This study builds a unified non-parametric approach to predicting the unequal effects of trade shocks through both channels based on detailed microdata on spending and employment from the United States.
Can workers still climb the social ladder as middling jobs become scarce? Evidence from two British cohorts
Over the last decade, socio-economic mobility has declined and the shares in employment of low- and high-paying occupations has increased. This work investigates if job polarization has been a cause of the decline in mobility in the UK.
This paper is about an understudied, yet important, aspect of social mobility – absolute mobility, which measures the share of children with higher incomes compared to their parents around the same age.
This research estimates the effect of breastfeeding on child development: cognitive and socio-emotional, as well as health. Breastfeeding is just one of many ways in which mothers can influence their child’s development, and mothers who breastfeed may also be more or less likely to make other investments that affect their child’s development.
Can transport infrastructure promote long-term labor market opportunities and sever the occupational tie between parents and their children? Transport infrastructure arguably improves individuals’ economic opportunities by connecting them to employment possibilities that are farther away, and by creating better options locally.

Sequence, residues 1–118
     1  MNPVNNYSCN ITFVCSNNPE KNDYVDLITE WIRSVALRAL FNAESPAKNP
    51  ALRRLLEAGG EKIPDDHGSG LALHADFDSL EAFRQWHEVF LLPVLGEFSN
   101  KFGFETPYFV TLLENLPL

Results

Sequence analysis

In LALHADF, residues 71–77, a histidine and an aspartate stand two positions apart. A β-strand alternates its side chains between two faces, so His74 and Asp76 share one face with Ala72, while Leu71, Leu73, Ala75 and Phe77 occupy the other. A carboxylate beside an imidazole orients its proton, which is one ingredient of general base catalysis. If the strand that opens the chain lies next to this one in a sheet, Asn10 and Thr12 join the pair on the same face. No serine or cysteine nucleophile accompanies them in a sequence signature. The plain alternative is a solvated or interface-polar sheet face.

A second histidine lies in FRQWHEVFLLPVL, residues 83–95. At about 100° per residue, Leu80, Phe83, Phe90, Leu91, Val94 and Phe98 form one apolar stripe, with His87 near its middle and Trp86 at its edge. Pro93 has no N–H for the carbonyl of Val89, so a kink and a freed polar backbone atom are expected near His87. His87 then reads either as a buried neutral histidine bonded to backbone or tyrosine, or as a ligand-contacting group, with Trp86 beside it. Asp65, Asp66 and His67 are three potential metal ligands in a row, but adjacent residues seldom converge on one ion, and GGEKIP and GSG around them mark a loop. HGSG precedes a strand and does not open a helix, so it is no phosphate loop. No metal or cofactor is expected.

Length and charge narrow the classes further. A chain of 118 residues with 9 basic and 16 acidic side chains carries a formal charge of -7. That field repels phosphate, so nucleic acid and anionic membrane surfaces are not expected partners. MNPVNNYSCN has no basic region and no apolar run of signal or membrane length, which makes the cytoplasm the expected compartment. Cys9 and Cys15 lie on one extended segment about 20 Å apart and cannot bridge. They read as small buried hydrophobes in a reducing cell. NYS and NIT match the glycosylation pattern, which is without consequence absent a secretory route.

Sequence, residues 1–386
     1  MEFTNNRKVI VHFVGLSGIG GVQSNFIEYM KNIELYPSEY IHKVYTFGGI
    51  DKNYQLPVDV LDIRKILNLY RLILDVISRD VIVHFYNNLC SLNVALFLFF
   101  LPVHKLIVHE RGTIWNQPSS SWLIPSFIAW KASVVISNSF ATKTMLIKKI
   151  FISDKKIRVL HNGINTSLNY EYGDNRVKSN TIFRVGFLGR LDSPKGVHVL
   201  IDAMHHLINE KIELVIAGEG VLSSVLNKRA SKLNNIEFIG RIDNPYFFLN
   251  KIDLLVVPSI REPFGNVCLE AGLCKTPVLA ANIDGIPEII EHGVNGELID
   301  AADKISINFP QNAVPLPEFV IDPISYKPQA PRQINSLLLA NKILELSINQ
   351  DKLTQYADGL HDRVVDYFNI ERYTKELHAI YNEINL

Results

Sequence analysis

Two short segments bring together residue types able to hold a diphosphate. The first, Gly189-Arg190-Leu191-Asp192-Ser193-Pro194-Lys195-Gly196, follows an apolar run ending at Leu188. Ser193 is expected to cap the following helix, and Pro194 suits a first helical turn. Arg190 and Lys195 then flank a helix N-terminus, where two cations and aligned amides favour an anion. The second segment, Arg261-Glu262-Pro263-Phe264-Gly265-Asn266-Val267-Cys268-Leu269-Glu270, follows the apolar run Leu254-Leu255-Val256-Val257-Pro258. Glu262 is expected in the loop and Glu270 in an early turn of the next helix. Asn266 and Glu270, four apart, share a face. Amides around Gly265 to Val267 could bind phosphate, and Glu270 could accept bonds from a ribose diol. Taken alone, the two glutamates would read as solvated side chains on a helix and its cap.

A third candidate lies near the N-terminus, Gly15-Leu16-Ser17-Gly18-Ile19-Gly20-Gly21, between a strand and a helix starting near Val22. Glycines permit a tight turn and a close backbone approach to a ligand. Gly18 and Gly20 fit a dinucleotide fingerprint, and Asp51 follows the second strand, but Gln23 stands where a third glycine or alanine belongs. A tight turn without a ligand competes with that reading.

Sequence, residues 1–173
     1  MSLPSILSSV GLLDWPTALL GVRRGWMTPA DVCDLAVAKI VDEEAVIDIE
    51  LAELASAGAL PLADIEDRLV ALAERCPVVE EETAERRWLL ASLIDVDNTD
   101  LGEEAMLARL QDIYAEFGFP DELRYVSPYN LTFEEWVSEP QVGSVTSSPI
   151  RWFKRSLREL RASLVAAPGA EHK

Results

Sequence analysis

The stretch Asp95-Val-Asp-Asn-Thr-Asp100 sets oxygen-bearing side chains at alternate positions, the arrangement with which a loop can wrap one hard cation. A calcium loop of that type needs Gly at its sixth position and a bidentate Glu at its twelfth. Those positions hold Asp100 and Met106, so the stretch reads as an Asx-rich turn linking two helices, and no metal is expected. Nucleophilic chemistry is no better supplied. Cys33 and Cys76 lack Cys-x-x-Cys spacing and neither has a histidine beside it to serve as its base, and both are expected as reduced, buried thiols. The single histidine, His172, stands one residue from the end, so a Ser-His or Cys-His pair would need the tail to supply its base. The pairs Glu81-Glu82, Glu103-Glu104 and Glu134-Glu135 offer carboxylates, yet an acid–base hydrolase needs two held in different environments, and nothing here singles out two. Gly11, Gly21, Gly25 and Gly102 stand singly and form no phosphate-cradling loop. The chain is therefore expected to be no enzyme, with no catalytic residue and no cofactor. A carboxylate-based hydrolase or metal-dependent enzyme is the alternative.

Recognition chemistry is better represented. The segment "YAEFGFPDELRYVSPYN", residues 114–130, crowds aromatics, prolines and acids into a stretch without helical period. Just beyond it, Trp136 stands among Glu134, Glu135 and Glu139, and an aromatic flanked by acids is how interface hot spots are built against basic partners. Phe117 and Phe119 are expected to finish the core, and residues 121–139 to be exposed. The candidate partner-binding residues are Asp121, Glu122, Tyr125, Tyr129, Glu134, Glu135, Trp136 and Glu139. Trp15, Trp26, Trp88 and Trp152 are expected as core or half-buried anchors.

If disadvantaged groups move to better neighborhoods at scale, does this affect opportunity in those neighborhoods for future generations? This paper answers this question by studying the largest natural experiment in moving to opportunity in US history: the Great Migration – when 6 million southern African Americans migrated North between 1916 and 1970 to escape racial prejudice and a lack of economic opportunity in the US South.
Recent empirical work documents significant long-run wealth-rank correlations. This is a puzzle, in that the standard macro models of wealth dynamics generate a realistic wealth distribution but cannot capture these patterns. This paper identifies identifying a parsimonious extension of the standard model of wealth dynamics to account for these novel facts on the long-run persistence of wealth-ranks as well as for the observed moments of the wealth distribution.
The authors ask how membership in exclusive social groups affects access to top positions in the economy and society and, if so, who can join.
This study assesses who would lose and who would gain from stricter immigration policies across different local labor markets, taking into account changes in wages, housing prices and internal migration responses.
This paper studies the intergenerational mobility of the children of immigrants over 130 years of US history and answers two related questions: (1) Are children of immigrants more likely to move up in the economic ladder than children of natives from similar economic backgrounds? (2) Are children of contemporary immigrants more or less likely to move up in the economic ladder than children of immigrants from 100 years ago?
Addressing the problem of how to close the gap in university participation between rich and poor students, this paper shows that providing correct information about their university admission chances when introducing preferential admissions can lead to a pool of college entrants that is better-prepared.
Winners and losers? The effect of gaining and losing access to selective colleges on education and labor market outcomes
The authors examine the effects of the Top Ten Percent policy, which guaranteed students in the top ten percent of their high school graduating class admission to Texas Public Universities, identifying the effects on the students who were newly admitted as a result of the policy change as well as the effects on those students who were pushed out as a result of the policy.
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Investing in the early years of disadvantaged children’s lives is both fair and efficient.